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Court ruling clarifies rights of trust beneficiary

A landmark ruling by the Royal Court of Jersey has established that the actions of a trust settlor can be challenged by a beneficiary on the grounds that the former was unduly influenced by a third party, writes David Jenner.

Jersey, 7 December 2018: In the Matter of the Piedmont and Riviera Trusts [2018] JRC 210, the Royal Court of Jersey has declared invalid the settlors’ purported exercise of powers of revocation of their trusts on the grounds that they did not act of their own free will but had been unduly influenced by one of the trusts’ beneficiaries.

Although neutral in the proceedings, the trustees sought directions from the Court in light of concerns about the circumstances surrounding the signature and delivery of the revocation notices, which the settlors failed to answer. One of the beneficiaries (M) also reported that she had been told by the settlors that another beneficiary (L) was pressing them to revoke the trusts and threatening adverse consequences if they failed to do so.

As might be expected, the Court confirmed that, under Jersey law, a power of revocation is a personal, not fiduciary, power. Such a power may quite properly be exercised out of pure self-interest and cannot be challenged on the grounds that the power holder’s purpose, or intention, goes beyond the scope of, or is not justified by, the instrument creating the power.

The Court went on to consider whether the exercise of such a power might be challenged on the grounds that the power holder acted under the undue influence of a third party. L submitted that only the direct victims of undue influence had the standing to complain of it. The Court, finding Jersey law to be similar to English in this regard, acknowledged that, in the majority of cases, it was likely to be the direct victim who sought relief since, in most cases, that would be the person who suffers loss.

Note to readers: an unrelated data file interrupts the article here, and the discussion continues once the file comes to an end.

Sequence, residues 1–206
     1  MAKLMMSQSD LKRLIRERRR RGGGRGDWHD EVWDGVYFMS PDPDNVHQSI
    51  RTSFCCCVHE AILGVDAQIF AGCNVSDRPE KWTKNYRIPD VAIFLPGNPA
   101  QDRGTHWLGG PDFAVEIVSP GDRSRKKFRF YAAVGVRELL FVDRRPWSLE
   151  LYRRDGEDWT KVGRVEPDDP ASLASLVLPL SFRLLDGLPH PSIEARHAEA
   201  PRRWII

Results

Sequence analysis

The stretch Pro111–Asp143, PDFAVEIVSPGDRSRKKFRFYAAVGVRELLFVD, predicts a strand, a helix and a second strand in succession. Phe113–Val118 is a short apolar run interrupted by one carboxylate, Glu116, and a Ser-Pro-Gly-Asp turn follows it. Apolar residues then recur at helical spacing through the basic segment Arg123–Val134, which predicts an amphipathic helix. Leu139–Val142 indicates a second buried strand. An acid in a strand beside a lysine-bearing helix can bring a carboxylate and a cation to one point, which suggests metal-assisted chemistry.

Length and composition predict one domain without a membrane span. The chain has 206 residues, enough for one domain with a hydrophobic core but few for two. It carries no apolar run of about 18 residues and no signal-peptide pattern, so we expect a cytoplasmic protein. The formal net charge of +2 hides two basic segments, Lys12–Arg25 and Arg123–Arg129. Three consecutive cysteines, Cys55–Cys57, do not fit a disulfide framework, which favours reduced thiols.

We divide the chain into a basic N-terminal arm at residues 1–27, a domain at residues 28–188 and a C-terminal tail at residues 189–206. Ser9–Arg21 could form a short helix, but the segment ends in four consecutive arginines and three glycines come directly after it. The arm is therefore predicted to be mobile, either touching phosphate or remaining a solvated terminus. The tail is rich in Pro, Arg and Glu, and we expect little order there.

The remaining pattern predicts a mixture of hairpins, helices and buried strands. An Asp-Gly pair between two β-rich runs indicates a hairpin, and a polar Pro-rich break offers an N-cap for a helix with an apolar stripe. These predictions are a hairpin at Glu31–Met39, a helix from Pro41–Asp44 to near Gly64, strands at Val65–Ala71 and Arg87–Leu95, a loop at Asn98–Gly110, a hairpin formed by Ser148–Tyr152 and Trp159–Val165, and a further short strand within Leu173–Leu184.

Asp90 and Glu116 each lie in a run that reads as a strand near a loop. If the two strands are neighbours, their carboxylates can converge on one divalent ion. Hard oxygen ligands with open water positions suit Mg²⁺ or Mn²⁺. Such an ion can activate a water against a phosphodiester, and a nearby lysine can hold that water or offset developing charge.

In the trust context, however, that is not so: here, if the trusts were validly revoked, the trust property would pass back to the settlors, and the beneficiaries would lose the possibility of benefiting from it (the trusts being discretionary). Moreover, given that the undue influence may continue, the beneficiaries could not reasonably be expected to rely upon power holders to complain after the event that they had not acted of their own free will.

Accordingly, the Court found that, under Jersey law, a beneficiary must have standing to challenge the purported exercise of a power over a trust in which he is interested on the grounds that the power holder exercised the power under the undue influence of a third party. In the case of the Piedmont and Riviera Trusts, the Court further found as fact that the settlors had indeed been unduly influenced to sign and serve the revocation notices which were, accordingly, invalid.

David Jenner is Managing Director of Lutea, which provides trustee and related advisory services to families and businesses across the globe. The firm has offices in Jersey, Hong Kong, Anguilla and the UK. For more information visit www.lutea.com.

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